AHL Insider:

Seamus Mullen

Executive Chef of the brand new Mondrian London restaurant, Sea Containers

  • WHAT DO YOU DO AND HOW DID YOU GET HERE?

    I am a New York-based chef, restaurateur and cookbook author. I grew up in rural Vermont and I've cooked in kitchens throughout Spain (including San Sebastian and Barcelona), San Francisco and New York. I currently own two restaurants in Manhattan: Tertulia in the West Village and El Colmado, a tapas bar in Hell's Kitchen; we're currently opening a second El Colmado in the Meatpacking District. Right now I am in London about to open the Sea Containers restaurant in the new Mondrian London hotel.

  • TELL US A LITTLE ABOUT YOUR LATEST PROJECT AT MONDRIAN LONDON.

    Sea Containers is the signature restaurant in the Mondrian. Like the rest of the hotel, it's designed by Tom Dixon, a designer I've been in awe of for a long time (and with whom I happen to share a birthday!). It's a stunning, stunning space that sits right on River Walk overlooking the Thames. The food I'm cooking here is inspired by great local British ingredients. I try not to use the phrase "farm-to-table" as it's so overused these days, but we definitely care about seasonality, sourcing local products wherever possible and just creating clean, honest, delicious food that is also good for you.

  • WAS HOSPITALITY SOMETHING YOU ALWAYS WANTED TO DO? WHAT DID YOU WANT TO BE WHEN YOU WERE GROWING UP?

    I don't know that "hospitality" as an industry or a career was something I was really aware of when I was young. I fell into the restaurant world (by way of delivering pizzas - and without a driver's license) as many people do, it was just a job to make some money. But I grew up around good food, and as I got older, I loved cooking, and cooking for other people. After college I was a little aimless and without direction, until my English grandmother took me wine tasting in Napa and just said to me very sternly and matter-of-factly, "Look. You love cooking, you are happiest when you are cooking. You should just cook." And that was that.

  • WHAT'S THE BIGGEST CHANGE YOU'VE SEEN IN THE INDUSTRY OVER THE PAST FIVE TO TEN YEARS?

    The industry has changed so much, and so quickly. I think the internet and media have completely changed the way we interact with each other, whether it’s between chefs and guests, guests and restaurants, chefs and brands, chefs and journalists...it’s endless. It's created a hyper competitive environment, especially in a city like New York. It also means that there is a TON of information available at all times, which is a bit of a double-edged sword. On the one hand, general food and culinary awareness is at an all-time high, which I think is great. People are much savvier, more adventurous, more interested in educating themselves about food, which in the long run, is incredibly important to both our health and environment. On the other hand, all this information out there means there is a lot of noise, a lot of clutter, a lot of mis-information. Anyone with an internet connection is suddenly a food writer; expectations for restaurants are intensely high, and it's like, we haven't even taken the plywood off yet! Sometimes there is such a thing as TOO much buzz.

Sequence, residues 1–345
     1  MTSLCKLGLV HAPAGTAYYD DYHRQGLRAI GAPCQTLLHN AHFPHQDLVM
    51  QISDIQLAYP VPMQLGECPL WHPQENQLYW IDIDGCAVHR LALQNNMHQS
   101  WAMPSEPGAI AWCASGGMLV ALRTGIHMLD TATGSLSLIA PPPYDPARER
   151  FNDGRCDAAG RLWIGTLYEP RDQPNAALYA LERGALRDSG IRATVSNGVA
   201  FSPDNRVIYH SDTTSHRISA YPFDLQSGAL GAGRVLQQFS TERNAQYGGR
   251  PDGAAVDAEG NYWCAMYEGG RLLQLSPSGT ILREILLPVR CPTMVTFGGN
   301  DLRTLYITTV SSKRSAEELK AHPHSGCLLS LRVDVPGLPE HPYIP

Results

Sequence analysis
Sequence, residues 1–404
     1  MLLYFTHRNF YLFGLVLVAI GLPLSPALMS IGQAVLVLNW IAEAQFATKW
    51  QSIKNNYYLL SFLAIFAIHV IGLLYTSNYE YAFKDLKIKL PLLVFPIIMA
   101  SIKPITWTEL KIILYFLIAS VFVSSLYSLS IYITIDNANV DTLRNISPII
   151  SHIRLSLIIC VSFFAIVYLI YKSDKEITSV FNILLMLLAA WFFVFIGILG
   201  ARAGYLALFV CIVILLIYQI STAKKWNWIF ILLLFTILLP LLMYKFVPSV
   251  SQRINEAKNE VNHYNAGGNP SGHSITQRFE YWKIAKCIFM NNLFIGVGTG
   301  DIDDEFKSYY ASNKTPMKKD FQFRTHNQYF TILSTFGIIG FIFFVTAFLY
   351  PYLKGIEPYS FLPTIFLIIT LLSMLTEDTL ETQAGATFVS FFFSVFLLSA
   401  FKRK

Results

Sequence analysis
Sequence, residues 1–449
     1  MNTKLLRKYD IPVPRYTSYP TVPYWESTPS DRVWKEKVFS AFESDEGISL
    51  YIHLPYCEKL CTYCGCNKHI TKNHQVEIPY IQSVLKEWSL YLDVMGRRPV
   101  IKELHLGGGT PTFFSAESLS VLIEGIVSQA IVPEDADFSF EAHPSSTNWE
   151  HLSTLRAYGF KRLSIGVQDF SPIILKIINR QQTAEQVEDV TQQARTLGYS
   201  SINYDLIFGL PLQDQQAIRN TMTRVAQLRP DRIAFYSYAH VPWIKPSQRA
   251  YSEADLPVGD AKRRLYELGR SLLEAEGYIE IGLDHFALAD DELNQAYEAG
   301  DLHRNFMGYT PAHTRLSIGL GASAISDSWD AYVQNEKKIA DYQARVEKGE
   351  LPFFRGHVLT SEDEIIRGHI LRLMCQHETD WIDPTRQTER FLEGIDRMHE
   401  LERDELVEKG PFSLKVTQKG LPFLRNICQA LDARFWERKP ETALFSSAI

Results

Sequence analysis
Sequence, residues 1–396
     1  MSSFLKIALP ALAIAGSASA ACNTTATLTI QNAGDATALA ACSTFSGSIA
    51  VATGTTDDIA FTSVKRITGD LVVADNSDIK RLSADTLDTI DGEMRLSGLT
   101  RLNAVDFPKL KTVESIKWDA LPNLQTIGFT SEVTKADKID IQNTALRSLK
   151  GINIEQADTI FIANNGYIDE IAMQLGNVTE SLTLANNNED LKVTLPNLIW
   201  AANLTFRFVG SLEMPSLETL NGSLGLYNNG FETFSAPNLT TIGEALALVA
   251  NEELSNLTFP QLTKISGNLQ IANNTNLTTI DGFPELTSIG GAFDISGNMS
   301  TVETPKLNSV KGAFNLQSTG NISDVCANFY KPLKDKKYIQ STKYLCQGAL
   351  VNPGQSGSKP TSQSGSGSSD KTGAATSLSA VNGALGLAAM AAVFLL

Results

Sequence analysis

• WHO OR WHAT IS YOUR GREATEST INSPIRATION IN THE INDUSTRY TODAY?

    Dan Barber. He's done so much to further the cause of local, sustainable agriculture and has done an incredible job of educating people about the importance of their food choices. I think the breadth of his influence is what is most impressive. He’s not just a chef talking to other chefs, he's a chef who is truly changing the way so many people think about their food - industry people, regular guests, New Yorkers, people who have never even heard of Blue Hill but who have read his articles in the New York Times; and perhaps most importantly, he has the ear of decision makers working in food and agricultural policy. It will take a long time before we turn this country's bad food habits around, but we are making progress slowly but surely. And for that we have Dan Barber to thank.

  • IF YOU HAD THE DAY OFF TODAY, WHERE WOULD YOU BE?

    I'd be cycling through the mountains of Piedmont, Italy.

  • DO YOU HAVE A FAVORITE HOTEL IN THE WORLD?

    The Four Seasons in Chiang Mai, Thailand.

  • DO YOU HAVE A CAREER ANECDOTE YOU'D LIKE TO SHARE?

    When I first worked for Jordi Vilá at Alkimia in Barcelona, I really wanted to impress him with all the technique I had learned over the years in various kitchens. I was making wild loup de mer, and he stood there right next to me, watching me as I seared this beautiful piece of fish skin-side down, then basted it with plenty of butter and herbs. I was feeling pretty good when he just gave me this look and said, “if I wanted my fish to taste like butter, I'd eat butter." And that is how I learned to cook fish in olive oil.

  • WHAT'S YOUR FAVORITE MINI BAR ITEM?

    Whatever has chocolate in it.

  • IF YOU COULD COOK FOR ANYONE DEAD OR ALIVE WHO WOULD IT BE AND WHY?

    Our First Lady, Michelle Obama. I have a huge amount of respect for her and how she's tried to implement real change in the way our children eat, and educating younger generations about food and health. For me personally, eating healthfully is of incredible importance, as I've battled years of health issues. I think we would have a really fascinating conversation about food and brainstorming on how we could effect real change in our society. Also, she just seems like a super cool lady.

  • WHAT WILL YOU BE DOING IN TEN YEARS FROM NOW?

    I guess you can take the boy out of Vermont, but you can't take the Vermont out of the boy. I would love to have my own little farm upstate or something, where my (future) kids can grow up learning about growing their own food, run around with animals, etc. My ultimate dream would be to run a culinary and cycling-focused villa in Italy.